We’ve just made it much easier to simulate a step response in CircuitLab. Finding a circuit’s unit step response in the time domain is one of the most common operations for anyone learning about or designing analog filters and amplifiers.
It’s always been possible to simulate step responses in CircuitLab using a combination of a voltage source and a switch, but we’ve now bundled this behavior into a signal component: the Voltage Step Source and the corresponding Current Step Source.
Here’s a simple example comparing voltage step responses between a series RC circuit and a parallel RL circuit:
Click to open and simulate the circuit above. Can you predict the shape of V(RC) and V(RL) before you run the simulation?
Here’s a more advanced example showing how an op-amp non-inverting amplifier can exhibit stability problems, including ringing and overshoot, even with small amounts of parasitic (undesired) capacitance at the feedback node:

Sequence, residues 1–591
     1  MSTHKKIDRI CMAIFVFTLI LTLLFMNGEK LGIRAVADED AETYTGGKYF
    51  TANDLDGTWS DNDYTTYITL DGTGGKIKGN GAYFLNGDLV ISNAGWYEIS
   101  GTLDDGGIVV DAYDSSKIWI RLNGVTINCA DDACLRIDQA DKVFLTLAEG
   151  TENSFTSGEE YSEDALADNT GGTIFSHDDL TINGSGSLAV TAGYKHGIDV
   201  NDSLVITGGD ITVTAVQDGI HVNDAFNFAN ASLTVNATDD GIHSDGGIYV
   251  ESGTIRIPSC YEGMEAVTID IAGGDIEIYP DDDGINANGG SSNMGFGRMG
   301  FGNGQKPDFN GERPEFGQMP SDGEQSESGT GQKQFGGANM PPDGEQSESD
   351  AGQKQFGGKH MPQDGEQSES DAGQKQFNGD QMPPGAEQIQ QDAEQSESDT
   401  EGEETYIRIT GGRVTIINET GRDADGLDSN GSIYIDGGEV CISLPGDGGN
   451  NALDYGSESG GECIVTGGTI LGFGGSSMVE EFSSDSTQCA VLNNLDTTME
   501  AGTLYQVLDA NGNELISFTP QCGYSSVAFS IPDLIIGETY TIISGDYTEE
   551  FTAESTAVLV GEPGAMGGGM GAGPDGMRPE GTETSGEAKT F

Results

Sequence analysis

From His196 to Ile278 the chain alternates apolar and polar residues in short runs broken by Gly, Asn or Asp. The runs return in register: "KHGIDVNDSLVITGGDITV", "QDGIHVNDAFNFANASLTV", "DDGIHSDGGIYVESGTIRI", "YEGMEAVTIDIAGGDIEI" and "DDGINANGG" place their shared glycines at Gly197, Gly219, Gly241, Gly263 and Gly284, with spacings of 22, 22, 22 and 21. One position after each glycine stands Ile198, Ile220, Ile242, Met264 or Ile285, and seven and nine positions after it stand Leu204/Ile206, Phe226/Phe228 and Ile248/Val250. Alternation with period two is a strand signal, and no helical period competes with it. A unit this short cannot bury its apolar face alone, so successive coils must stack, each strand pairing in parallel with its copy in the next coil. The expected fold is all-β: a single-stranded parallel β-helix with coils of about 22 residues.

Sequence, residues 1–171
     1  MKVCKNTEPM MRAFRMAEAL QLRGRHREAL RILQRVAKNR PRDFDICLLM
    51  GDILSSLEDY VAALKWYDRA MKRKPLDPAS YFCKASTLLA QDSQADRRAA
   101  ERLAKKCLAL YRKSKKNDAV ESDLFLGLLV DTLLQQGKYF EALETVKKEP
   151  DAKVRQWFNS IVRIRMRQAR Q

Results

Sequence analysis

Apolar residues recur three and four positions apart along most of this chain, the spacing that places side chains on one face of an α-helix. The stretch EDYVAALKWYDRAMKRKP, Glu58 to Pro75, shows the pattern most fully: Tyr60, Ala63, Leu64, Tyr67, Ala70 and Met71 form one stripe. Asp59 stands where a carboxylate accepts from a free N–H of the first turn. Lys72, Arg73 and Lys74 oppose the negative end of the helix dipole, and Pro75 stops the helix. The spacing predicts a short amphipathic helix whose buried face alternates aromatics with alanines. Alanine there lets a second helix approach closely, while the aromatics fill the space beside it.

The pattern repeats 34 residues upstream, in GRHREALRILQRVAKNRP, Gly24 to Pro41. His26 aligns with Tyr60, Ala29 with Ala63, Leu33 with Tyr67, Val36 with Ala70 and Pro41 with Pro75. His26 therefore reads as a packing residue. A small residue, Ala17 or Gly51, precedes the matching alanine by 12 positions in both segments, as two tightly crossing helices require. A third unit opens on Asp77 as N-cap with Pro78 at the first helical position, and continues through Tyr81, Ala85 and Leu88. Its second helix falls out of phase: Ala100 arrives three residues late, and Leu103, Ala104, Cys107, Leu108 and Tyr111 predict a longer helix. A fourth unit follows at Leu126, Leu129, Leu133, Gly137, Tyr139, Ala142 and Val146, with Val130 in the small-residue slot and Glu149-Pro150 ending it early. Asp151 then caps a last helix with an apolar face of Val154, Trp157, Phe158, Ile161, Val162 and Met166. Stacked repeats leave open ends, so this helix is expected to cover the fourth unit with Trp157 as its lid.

Click to open and simulate the circuit above. How long does it take for the output to settle down after the input step? Is there a capacitance level beyond which this amplifier is basically useless?
Note that the step only happens in a transient simulation. A DC simulation (or DC Sweep) always happens before the step. This lets the simulator find the old, pre-step steady-state operating point first, before it models the transient change to a new post-step steady-state.
These new step source components are both available in the “Voltage Signal Sources” and “Current Signal Sources” sections of the CircuitLab toolbox, right between the configurable function generator source and the CSV input source:
After inserting a step source, you can double-click it to configure its amplitude and provide a delay. Conveniently, by default, a step source provides a unit step at t=0.
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